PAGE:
Leigh On Sea News. Discover Local History – A WESTCLIFF author has just republished a book charting the detailed history of parts of the local area.
Discover Local History - A WESTCLIFF author has just republished a book charting the detailed history of parts of the local area.
A WESTCLIFF author has just republished a book charting the detailed history of parts of the local area.
A History of Milton, Chalkwell and the Crowstone is a reprint of a book by Marion Pearce originally published 20 years ago.
Ms Pearce explained what the untold history that the book details: “The book traces the area from the Saxon times, through to the medieval, and Victorian. It is the accumulation of many years of research and study of the area.”
She explained that special focus is made of Milton in Westcliff: “Over the years, the Hamlet of Milton (or Middletun) has been lost in the mists of time.
“Yet traces of the ‘middle town’ can still be found between Leigh and Southchurch.
“The name Milton still survives in road names in Southend and the electoral ward of the same name The Crowstone has always sparked much interest.”
A lot of detail is also revealed about the rituals and traditions surrounding the Crowstone, a granite obelisk that stands just out from the beach near Chalkwell Shelter.
“The stone that stands at the bottom of Chalkwell Avenue was sited there in 1838.
“It stood together with another shorter stone erected in 1755. This shorter stone in turn replaced a series of markers that denoted the eastern boundary of the City of London’s jurisdiction on the Essex side of the River Thames.”
Ms Pearce explained: “The jurisdiction of the Thames can be traced back to a Royal Charter of 1197, which was confirmed in the Magna Carta 18 years later.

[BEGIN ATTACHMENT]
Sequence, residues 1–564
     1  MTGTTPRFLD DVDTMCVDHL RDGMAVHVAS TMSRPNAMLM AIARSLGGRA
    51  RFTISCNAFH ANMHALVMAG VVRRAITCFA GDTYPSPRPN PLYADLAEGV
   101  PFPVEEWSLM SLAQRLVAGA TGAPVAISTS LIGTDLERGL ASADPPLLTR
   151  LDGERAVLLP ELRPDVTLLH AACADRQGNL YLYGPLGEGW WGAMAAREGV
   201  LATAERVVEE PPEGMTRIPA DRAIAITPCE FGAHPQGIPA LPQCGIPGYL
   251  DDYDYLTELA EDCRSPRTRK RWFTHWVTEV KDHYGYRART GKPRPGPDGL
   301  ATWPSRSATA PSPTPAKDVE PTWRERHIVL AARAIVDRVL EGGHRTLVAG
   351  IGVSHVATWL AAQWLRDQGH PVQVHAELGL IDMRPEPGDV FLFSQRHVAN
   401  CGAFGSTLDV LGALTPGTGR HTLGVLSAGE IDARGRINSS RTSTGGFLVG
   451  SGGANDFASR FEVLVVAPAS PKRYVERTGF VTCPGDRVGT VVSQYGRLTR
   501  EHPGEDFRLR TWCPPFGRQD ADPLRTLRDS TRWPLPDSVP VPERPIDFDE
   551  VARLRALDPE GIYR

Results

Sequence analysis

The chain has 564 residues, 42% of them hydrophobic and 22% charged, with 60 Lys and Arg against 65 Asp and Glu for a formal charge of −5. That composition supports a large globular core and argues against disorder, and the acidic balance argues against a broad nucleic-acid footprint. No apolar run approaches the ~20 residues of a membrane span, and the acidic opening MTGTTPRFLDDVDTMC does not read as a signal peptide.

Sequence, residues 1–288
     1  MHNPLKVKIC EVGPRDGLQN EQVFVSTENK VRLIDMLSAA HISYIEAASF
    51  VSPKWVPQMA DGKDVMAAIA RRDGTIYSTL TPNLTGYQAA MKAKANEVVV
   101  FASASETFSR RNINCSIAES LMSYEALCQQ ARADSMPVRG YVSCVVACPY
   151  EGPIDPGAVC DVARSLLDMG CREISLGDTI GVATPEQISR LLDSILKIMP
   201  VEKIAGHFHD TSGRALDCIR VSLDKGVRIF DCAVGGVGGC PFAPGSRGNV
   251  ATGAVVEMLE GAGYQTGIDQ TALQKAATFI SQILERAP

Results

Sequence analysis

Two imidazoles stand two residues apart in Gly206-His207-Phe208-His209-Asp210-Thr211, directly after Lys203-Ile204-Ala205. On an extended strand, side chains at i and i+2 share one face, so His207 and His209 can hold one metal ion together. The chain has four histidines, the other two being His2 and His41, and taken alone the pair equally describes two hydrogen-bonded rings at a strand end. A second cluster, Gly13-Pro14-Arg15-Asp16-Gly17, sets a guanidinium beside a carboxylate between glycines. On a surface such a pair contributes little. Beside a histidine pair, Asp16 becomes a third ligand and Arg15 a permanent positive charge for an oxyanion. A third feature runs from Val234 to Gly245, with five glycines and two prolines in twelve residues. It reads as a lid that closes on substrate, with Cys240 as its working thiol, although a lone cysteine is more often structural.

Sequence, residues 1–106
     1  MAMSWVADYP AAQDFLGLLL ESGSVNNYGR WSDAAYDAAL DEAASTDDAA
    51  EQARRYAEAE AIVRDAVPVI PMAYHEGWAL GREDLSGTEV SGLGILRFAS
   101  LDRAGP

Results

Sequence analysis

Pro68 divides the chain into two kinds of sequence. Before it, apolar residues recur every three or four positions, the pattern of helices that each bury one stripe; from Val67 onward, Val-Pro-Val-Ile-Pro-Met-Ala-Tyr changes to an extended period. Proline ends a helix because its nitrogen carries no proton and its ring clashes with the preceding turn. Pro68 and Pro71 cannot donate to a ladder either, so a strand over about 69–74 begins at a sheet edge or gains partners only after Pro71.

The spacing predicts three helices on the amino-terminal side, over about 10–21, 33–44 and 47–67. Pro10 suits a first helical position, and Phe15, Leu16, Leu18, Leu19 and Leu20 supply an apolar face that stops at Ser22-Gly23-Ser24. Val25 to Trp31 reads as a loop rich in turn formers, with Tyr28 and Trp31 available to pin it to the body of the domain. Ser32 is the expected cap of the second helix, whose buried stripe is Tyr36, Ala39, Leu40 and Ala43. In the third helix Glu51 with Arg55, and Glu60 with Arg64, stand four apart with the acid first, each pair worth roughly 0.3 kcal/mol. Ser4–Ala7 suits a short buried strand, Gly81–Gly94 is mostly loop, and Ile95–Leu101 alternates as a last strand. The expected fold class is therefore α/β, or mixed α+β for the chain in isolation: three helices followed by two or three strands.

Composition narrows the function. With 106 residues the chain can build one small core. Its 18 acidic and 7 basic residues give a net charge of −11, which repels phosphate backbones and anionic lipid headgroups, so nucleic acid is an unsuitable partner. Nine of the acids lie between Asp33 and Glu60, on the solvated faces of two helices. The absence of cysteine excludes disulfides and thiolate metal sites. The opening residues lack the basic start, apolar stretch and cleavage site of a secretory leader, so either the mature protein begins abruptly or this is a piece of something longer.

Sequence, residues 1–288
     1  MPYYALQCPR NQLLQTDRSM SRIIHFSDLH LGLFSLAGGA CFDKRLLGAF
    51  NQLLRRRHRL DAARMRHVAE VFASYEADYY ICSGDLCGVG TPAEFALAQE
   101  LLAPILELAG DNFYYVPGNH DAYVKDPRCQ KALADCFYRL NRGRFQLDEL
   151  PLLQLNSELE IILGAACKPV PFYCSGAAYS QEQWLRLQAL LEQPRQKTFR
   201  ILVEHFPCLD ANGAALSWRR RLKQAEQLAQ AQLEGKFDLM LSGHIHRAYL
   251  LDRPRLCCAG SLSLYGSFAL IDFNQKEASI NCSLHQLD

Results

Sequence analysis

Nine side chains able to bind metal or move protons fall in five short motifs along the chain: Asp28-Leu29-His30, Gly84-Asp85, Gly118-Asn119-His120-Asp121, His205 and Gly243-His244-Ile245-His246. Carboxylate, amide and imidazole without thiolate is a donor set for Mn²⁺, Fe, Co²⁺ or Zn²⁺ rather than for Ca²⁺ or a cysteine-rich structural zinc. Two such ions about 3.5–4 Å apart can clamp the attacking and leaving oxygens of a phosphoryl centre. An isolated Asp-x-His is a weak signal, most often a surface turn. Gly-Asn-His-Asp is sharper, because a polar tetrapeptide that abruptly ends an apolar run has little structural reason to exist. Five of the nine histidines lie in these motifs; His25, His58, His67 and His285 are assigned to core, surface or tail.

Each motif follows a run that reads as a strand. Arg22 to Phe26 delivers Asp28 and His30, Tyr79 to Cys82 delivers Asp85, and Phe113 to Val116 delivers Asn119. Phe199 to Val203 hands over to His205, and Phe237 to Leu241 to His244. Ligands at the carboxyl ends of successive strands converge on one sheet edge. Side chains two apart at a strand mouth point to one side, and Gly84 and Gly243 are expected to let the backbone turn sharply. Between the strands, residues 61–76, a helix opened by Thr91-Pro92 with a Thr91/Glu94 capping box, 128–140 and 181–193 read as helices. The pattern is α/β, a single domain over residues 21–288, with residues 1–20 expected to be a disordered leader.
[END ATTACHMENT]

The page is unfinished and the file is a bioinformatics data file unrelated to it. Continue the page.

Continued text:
“The City took its duties of care for the Thames very seriously. They held eight Courts of Conservancy annually.
“At each of these sessions’ enquiries were made concerning misuses of the river, whether illegal weirs had been erected or fish destroyed.
“The then Lord Mayor of London, Bass Crosby, would come to Southend on a tour of inspection.
“The event was celebrated with much dining, dancing and festivity and Bass Crosby had his name carved into the Crowstone to record his visit.
“This ritual lasted for nearly 100 years, whereby the serving Lord Mayor of London would visit the Crowstone once every seven years. As the years progressed the engagements became more elaborate with large parties of dignitaries coming by steamer from London.”
The ceremonies were also reported in great detail in the Southend Standard and the Illustrated London News.
The shorter stone was moved to Priory Park opposite the museum in 1950, where it remains to this day.
These histories, and more, can be discovered in the republished book, available in bookshops or online.
For more details, visit: essex100.com/product/milton-chalkwell-and-the-crowstone/